II.

Defendants do not dispute that plaintiff is disabled within the meaning of both the ADA and the Rehabilitation Act. They argue that they are entitled to summary judgment on the ADA claim, because MDOC is entitled to Eleventh Amendment immunity; the individual defendants acting in their personal capacities cannot be liable under Title II of the ADA, which applies to "public entities;" and the individual defendants cannot be liable in their official capacities for prospective injunctive relief, because, now that plaintiff has been accommodated *941 on the GED test, any claim for such relief is moot.

Further, defendants argue that they are entitled to summary judgment on the Rehabilitation Act claim, because many inmates in the general GED classes have learning disabilities and the classes are designed to help them. The individual defendants contend they should not be held liable for failing to provide plaintiff with more accommodations than are provided to other learning-disabled inmates. Defendants assert that plaintiff's grievance did not mention his visual impairment. Alternatively, defendants argue that the individual defendants are entitled to qualified immunity from the Rehabilitation Act claim, because there "is no preexisting law that any of the individual defendants were required to act contrary to DOC policy and provide Arlt with anything other than the classes he was provided and attended with other inmates who had learning deficiencies." See Defs' Memo in Support of Mot. for Summ. J. at 5 (Doc. No. 42). See id. at 6.

Plaintiff responds that he is entitled to summary judgment on his claim against the individual defendants in their official capacities for prospective injunctive relief in the form of an order that he be given the first premium-pay job that becomes available at MECC. He argues that he may recover damages from MDOC, because it waived its Eleventh Amendment immunity with respect to the Rehabilitation Act by accepting federal funds, and that he should receive damages for his anguish, as well as backpay. Last, he maintains that qualified immunity does not shield the individual defendants in their individual capacities from damages. (Doc. Nos. 43 and 44).

Defendants reply that plaintiff is not entitled to prospective injunctive relief, because inmates have no right to a particular job or particular wages in prison. They also argue that it is not clear that he passed the GED test, for he was provided with accommodations, and that the only premium-pay jobs at MECC (where is he presently incarcerated) are in furniture refinishing, an area in which he has no expertise. Moreover, defendants argue that plaintiff's claim for damages for anguish is precluded by the Prison Litigation Reform Act (PLRA), 42 U.S.C. § 1997e(e): "No Federal civil action may be brought by a prisoner confined in ... prison ... for mental or emotional injury suffered while in custody without a prior showing of physical injury." (Doc. No. 46.)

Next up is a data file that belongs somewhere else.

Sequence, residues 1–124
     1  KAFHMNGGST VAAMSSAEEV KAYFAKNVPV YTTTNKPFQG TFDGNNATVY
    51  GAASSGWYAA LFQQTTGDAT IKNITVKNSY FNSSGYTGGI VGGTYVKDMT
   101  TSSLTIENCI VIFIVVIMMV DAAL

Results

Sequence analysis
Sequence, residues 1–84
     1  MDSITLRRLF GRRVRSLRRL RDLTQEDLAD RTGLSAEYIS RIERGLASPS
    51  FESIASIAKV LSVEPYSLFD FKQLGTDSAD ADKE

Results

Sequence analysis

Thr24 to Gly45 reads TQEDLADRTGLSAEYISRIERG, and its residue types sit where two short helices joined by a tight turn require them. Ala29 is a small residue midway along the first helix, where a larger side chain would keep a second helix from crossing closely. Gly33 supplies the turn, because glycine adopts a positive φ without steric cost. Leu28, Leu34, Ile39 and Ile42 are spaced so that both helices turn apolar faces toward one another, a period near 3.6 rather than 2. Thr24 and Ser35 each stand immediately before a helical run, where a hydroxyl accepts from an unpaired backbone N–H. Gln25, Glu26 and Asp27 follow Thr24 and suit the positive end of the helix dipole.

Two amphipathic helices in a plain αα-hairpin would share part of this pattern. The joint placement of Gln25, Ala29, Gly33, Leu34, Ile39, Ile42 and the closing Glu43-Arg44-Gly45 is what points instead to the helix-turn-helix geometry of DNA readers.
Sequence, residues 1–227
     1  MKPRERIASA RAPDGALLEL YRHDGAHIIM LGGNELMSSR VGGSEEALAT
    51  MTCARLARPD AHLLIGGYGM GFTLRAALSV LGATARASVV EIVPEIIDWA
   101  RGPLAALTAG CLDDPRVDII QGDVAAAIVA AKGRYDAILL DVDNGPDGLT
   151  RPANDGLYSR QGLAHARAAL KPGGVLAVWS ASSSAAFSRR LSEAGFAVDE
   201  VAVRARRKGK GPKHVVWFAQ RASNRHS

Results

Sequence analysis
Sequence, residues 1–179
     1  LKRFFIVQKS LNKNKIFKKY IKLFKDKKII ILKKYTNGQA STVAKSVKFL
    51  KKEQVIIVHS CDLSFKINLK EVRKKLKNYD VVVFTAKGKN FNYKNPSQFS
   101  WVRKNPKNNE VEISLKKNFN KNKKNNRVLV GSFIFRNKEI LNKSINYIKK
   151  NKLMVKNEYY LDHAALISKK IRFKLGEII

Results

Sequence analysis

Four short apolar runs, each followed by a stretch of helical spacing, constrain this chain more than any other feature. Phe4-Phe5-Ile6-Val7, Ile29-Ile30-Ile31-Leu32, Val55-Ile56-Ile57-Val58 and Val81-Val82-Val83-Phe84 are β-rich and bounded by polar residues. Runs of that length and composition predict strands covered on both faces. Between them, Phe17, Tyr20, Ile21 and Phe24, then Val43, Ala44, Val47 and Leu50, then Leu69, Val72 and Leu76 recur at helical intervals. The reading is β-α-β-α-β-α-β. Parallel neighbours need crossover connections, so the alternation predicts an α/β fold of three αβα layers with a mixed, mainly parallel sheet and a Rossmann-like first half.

In a reply brief, plaintiff reasserts his right to reinstatement to a premium-pay job under the ADA, and to damages under the Rehabilitation Act. In support of his position that damages for emotional distress are recoverable under the Rehabilitation Act (Doc. No. 47), he cites Mason v. Schriro, 45 F. Supp. 2d 709 (W.D.Mo.1999) (PLRA does not bar recovery of damages for emotional distress in prisoner's claim for discrimination brought under 42 U.S.C. § 1997e(e)).

 
III.

Summary judgment is appropriate when the evidence, viewed in the light most favorable to the nonmoving party, shows that no genuine issue of material fact exists and the moving party is entitled to judgment as a matter of law. See Fed. R.Civ.P. 56(c); Turner v. Holbrook, 278 F.3d 754, 757 (8th Cir. 2002).

 
Claims under Title II of the ADA

Title II of the ADA provides: "[N]o qualified individual with a disability shall, by reason of such disability, be excluded from participation in or be denied the benefits of the services, programs, or activities of a public entity, or be subjected to discrimination by any such entity." 42 U.S.C. § 12132. Its prohibition of discrimination *942 by public entities "unmistakably includes State prisons and prisoners." Pennsylvania Dep't of Corrs. v. Yeskey, 524 U.S. 206, 209, 118 S. Ct. 1952, 141 L. Ed. 2d 215 (1998).

MDOC is an agency of the State of Missouri. The Eleventh Amendment guarantees that nonconsenting states or their agencies may not be sued by private individuals in federal court. Congress, however, may abrogate the states' Eleventh Amendment immunity when it both unequivocally intends to do so and acts pursuant to a valid grant of constitutional authority. Board of Trs. of the Univ. of Ala. v. Garrett, 531 U.S. 356, 363, 121 S. Ct. 955, 148 L. Ed. 2d 866 (2001). Although the Court in Yeskey ruled that Congress intended the two acts to apply to state prisons, the Court specifically declined to rule on whether this application is a constitutional exercise of Congress' legislative power. See Yeskey, 524 U.S. at 211, 118 S. Ct. 1952.